Gavin Grade: B+
Listen to Gavin's interview with Jared Harris here:
Juno was one of the best films 2007. It was nominated for Oscars, it won writer Diablo Cody one and attracted a broad audience. Director Jason Reitman and Cody teaming up again should recapture that same cinematic magic. I have no doubt that Reitman is a skilled filmmaker. Thank You for Smoking and Up in the Air are also fantastic films. However, Cody has Jennifer's Body in her post-Juno catalog and that was so awful I'm still trying to forget the stink. The good news is that Reitman makes Cody's words sparkle, even if they still don't recapture the Juno gold.
Young Adult is an ambitious film about a quasi-famous writer who never grows up, played well by the always-gorgeous Charlize Theron. Due to some sort of bug in her head, she decides to go back to her loathsome hometown and steal back the ex-boyfriend she had shortly after he has a baby with his wife. Sounds like a pretty awful character, doesn't it? That's because it is.
I totally appreciate the challenge of making a movie where the main character is the antagonist. I have to think really, really hard to come up with another film that attempted to do that and even when I do it's up for debate. (Some might consider One Flew Over the Cuckoo's Nest to be one of them.) Theron is absolutely the bad guy in this movie and she enjoys every second of it. Although the doe-eyed ex-boyfriend, played by Patrick Wilson (Watchmen, Hard Candy) seems to slip out of her clutches every move she makes, it's uncomfortable and suspenseful to see if he falls victim to her spells. Comedian Patton Oswalt (Big Fan, Ratatouille) might be the shining role of Young Adult as a fat, unhappy, nerd who acts as Theron's good angel throughout the film.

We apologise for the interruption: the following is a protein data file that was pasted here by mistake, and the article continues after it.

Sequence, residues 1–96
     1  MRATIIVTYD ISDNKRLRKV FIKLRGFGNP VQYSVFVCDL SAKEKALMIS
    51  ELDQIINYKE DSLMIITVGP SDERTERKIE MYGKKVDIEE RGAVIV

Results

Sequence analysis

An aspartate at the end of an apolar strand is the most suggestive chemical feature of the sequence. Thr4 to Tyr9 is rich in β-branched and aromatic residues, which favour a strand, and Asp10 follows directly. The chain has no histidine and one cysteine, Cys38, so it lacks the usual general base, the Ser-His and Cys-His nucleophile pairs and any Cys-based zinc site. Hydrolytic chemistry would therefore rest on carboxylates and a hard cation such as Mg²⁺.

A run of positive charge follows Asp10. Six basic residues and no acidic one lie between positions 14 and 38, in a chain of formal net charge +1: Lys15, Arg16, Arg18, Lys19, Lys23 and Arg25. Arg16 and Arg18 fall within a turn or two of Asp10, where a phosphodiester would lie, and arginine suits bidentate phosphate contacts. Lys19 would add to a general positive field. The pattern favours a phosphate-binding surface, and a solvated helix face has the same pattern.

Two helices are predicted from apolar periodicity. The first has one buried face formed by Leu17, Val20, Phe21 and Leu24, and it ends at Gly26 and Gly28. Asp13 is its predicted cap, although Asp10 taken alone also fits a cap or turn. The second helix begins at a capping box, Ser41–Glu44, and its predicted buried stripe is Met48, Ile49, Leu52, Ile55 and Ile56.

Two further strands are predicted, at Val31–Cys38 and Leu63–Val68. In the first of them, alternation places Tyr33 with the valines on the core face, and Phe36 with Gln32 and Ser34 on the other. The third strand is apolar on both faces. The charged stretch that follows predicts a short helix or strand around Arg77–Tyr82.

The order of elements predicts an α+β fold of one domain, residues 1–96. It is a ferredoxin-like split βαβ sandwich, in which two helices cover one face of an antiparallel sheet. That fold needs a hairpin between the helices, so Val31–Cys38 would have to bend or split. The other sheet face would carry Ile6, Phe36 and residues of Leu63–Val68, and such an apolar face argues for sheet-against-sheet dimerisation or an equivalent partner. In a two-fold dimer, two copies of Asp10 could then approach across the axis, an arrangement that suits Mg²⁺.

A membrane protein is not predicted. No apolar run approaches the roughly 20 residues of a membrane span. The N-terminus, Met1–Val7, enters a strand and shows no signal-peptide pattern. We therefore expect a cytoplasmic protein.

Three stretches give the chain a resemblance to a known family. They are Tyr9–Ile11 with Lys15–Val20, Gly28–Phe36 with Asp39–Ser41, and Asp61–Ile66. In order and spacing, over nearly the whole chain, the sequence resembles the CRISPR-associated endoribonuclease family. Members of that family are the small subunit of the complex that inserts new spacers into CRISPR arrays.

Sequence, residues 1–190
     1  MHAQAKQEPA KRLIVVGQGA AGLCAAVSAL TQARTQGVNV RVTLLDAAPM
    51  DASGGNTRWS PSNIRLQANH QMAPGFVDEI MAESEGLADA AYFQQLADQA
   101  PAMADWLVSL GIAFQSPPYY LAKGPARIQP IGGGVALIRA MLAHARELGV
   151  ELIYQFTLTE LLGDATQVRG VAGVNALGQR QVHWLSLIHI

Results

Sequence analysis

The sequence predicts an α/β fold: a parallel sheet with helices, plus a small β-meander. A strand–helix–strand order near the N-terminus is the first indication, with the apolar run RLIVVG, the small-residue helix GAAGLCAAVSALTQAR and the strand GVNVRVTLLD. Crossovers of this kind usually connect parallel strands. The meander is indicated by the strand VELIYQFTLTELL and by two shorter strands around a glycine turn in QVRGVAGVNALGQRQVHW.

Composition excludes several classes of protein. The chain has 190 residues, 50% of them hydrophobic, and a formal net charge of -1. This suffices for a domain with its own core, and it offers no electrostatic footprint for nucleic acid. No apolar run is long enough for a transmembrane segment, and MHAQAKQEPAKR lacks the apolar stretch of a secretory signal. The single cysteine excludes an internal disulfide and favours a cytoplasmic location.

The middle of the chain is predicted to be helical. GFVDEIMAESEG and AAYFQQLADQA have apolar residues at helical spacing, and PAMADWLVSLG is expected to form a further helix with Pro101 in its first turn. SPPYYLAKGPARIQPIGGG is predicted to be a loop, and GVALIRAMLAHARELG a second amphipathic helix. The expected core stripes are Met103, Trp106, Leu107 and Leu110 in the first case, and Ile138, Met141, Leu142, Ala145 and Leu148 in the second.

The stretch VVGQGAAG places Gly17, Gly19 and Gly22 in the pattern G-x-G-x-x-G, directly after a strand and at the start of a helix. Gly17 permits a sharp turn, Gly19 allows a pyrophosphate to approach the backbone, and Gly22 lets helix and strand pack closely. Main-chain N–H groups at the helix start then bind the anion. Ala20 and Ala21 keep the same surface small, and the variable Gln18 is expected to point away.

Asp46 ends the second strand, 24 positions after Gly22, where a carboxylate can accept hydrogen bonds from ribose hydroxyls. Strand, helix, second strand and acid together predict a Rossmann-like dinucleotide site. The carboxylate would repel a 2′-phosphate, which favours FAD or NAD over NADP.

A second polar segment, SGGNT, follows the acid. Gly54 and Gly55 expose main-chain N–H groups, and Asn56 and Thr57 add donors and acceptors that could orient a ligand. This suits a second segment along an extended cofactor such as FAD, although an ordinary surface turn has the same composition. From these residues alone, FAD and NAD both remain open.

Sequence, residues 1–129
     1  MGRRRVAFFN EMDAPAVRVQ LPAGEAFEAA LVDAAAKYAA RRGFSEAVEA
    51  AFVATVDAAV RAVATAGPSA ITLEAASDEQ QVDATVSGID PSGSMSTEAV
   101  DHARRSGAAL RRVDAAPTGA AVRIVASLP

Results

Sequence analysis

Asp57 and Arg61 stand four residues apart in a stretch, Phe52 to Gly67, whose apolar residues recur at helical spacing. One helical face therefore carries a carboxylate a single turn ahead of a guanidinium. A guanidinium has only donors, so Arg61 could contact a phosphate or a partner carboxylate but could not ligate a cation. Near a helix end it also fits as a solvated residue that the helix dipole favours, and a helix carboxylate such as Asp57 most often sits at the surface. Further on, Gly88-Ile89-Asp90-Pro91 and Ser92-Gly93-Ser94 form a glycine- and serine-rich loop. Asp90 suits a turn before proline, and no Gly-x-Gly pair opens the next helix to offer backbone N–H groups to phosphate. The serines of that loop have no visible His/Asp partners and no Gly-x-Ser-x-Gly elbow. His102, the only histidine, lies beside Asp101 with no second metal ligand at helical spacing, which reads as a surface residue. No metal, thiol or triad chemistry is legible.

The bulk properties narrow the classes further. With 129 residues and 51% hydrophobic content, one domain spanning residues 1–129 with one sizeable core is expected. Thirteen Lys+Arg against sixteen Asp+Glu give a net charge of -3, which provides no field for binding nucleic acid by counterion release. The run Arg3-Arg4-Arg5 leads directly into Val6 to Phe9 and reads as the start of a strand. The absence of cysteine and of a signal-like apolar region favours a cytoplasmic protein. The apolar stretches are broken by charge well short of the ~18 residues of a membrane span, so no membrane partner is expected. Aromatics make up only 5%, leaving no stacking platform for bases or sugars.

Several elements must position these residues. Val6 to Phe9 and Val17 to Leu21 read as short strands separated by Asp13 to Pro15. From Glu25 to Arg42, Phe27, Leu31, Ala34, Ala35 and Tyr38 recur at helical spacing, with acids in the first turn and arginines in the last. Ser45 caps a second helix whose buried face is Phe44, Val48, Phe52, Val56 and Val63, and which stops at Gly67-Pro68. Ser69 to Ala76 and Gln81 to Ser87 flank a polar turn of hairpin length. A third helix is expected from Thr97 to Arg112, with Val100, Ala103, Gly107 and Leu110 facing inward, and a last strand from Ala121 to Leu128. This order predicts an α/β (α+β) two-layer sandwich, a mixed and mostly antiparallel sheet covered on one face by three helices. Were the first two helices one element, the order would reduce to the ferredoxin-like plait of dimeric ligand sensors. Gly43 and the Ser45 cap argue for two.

This might venture slightly into the spoiler alert realm, but there's no way else to articulate why I didn't fully enjoy this film. If I'm going to sit and watch a 94 minute film, I want to see the characters change. That's what makes storytelling the centuries-old tradition it is. If I follow several characters along on an adventure and they come out exactly the same on the other end as they were in the beginning, what the hell was the point of hearing the story? I understand that not everyone needs that from their entertainment, but goddamnit, I do! I won't say what happens to her or whether or not Theron seduces her old beau, but I will say that if you're looking for the Hollywood turnaround from an immature character with a heart of stone and a head of delusion, you won't find it in Young Adult. And because of that, I feel like I wasted my time.
The film is well directed. Cody's script is funny, dark, moving and ambitious. The performances are fantastic, including mine for sitting still and not throwing up while watching Oswalt perform a sex scene. (I love you, Patton, but nudity just isn't for you.) Young Adult is the kind of film that some people will truly appreciate for its creativity, relatable small town humor and unlikeable and identifiable villain. However, I left the theater feeling pissed that a character I invested time into lets me down at the end. You may find that beautiful and I won't mock you if you do. Call me old fashioned, but I don't want to watch a dog chase its tail for an hour and a half. Young Adult (Rated R)
Gavin Grade: B-